Sten Hankewitz: Cuba just legalised equal marriage. Cuba! What’s wrong with you, Estonia?

Cuba, one of the last communist countries in the world, has legalised equal marriage – marriage between any consenting adults regardless of their gender. Estonia, supposedly one of the bastions of freedom in Europe, still hasn’t fully processed the Cohabitation Act that should grant same-sex couples equal rights to married couples. “What’s wrong with you, Estonia?” asks Sten Hankewitz, the executive editor of Estonian World.

Last month, Cuba, one of the last communist countries in the world, voted in a referendum to approve gay marriage – what I like to call equal marriage, because that’s what it is – with 67% of the voters backing it. The result of the referendum also allows same-sex couples to adopt children and promotes equal sharing of domestic rights and responsibilities between men and women.

Cuba. One of the last affiliates and dependencies of the Soviet Union – a country that ceased to exist in 1991 and a country that occupied Estonia from 1944 to 1991. And the criminal law of Soviet-occupied Estonia regarded “faggotry” as a crime until May 1992, punishable by up to ten years in prison.

But here we are. It’s 2022, thirty years after that law was repealed, and yet, in Estonia, equal marriage isn’t a thing. Consenting adults, should they be of the same gender, can’t get married. The Cohabitation Act that was adopted by parliament in 2014 provides same-sex couples with some of the rights, benefits and obligations of marriage, but the implementation acts of the law – which would provide the legal framework for how the law is actually applied – still haven’t been approved by the parliament.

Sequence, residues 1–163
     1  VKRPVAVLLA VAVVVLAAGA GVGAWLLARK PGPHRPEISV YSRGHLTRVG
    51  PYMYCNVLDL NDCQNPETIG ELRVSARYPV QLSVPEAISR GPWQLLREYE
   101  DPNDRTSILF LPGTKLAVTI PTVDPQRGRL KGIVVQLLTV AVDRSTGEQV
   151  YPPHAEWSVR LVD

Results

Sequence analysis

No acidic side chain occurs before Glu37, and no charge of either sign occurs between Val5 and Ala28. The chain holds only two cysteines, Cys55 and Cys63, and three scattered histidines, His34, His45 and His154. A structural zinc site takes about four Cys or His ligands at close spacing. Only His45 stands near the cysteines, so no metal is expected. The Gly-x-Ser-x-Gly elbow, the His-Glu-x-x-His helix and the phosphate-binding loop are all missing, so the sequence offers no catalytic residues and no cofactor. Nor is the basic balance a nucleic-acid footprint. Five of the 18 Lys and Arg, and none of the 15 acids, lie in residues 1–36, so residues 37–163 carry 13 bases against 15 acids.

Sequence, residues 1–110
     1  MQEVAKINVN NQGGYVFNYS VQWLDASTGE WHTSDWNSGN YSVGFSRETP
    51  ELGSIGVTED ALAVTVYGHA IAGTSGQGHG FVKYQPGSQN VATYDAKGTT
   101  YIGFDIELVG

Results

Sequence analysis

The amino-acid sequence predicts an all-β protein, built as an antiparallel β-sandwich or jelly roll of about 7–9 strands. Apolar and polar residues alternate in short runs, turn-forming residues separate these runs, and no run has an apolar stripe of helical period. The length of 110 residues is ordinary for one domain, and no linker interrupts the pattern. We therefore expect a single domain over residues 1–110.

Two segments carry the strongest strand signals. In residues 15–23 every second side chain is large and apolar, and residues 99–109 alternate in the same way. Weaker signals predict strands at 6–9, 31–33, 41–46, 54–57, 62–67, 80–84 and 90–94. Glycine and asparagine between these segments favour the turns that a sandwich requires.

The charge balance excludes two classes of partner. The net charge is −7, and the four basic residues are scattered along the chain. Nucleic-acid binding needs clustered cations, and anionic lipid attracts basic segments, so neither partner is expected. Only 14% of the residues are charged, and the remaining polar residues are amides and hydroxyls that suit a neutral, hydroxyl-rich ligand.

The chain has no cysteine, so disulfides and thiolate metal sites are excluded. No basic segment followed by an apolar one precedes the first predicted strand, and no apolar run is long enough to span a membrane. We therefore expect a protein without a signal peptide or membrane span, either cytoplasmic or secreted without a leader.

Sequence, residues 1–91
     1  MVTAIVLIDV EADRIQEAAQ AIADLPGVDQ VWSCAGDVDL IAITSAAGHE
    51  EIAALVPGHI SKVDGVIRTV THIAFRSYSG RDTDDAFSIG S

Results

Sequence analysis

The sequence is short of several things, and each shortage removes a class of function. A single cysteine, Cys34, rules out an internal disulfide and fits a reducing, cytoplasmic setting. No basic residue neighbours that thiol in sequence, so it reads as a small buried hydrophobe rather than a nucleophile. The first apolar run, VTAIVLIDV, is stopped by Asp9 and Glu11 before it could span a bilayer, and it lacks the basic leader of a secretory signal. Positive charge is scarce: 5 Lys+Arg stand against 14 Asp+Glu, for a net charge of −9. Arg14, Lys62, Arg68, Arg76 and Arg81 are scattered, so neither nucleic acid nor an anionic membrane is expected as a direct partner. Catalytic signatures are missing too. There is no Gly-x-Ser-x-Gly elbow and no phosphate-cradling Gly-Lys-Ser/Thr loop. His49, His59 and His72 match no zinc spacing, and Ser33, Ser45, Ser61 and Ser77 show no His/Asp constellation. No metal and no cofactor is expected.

An LGBT+ rally in Tallinn, 18 October 2020. Photo by Grete Maria Neppo.

Estonia has become more tolerant

Truth be told, Estonia has changed a lot. When I visited the country in August, I saw many same-sex couples holding hands, walking on the streets. Mainly female couples; the male couples held each other close but didn’t hold hands. I saw how the country had changed in the three years since I last visited.

Back in the day, when same-sex couples held hands or even appeared to be same-sex couples, they’d get beaten up. But now, they didn’t. It was a beautiful experience – to see Estonia become so much more tolerant, so much more accepting.

Of course, this was just Tallinn, the capital. More progressive, more tolerant people. I’m sure gay people would still get beaten up in some countryside villages.

A gay couple hugging. Photo by In Lieu & In View Photography on Unsplash.

The issue here is that the Estonian Reform Party and the Social Democrats initiated the Cohabitation Act when they were in the coalition government in 2014. They saw it through. The Cohabitation Act was passed in parliament. But after this, it was just shelved. The governments changed, nobody cared, and to this day, gay people can “cohabit” in theory, but not in practice.

After a four-year stint in opposition, the supposedly liberal Reform Party has again been the leading party in the government for almost two years. The Social Democrats joined the coalition government this summer. And nothing’s been done. The Cohabitation Act still hasn’t been implemented.

Sure, the world’s security situation has changed. Sure, there’s this outrageous, awful war in Ukraine.

But there also are domestic issues. Issues that need to be taken care of.

Don’t you get it?

The fact is that gay Estonians are still second-class citizens. They can “cohabit,” but not really, because the implementation acts have not been approved by parliament. They can’t adopt children. They can’t be married.

Cuba, the offspring of the Soviet Union, just legalised equal marriage.

The flag of Cuba painted in the LGBT+ colours. Artwork by Bayamo-el-archive, shared under the CC BY-SA 4.0 licence.

Estonia, which was illegally occupied by the Soviet Union and thinks of itself as the bastion of freedom, hasn’t.

What is Estonia waiting for? Eighteen countries in Europe recognise equal marriage. Maybe it’s time to make it nineteen.

The opinions in this article are those of the author.

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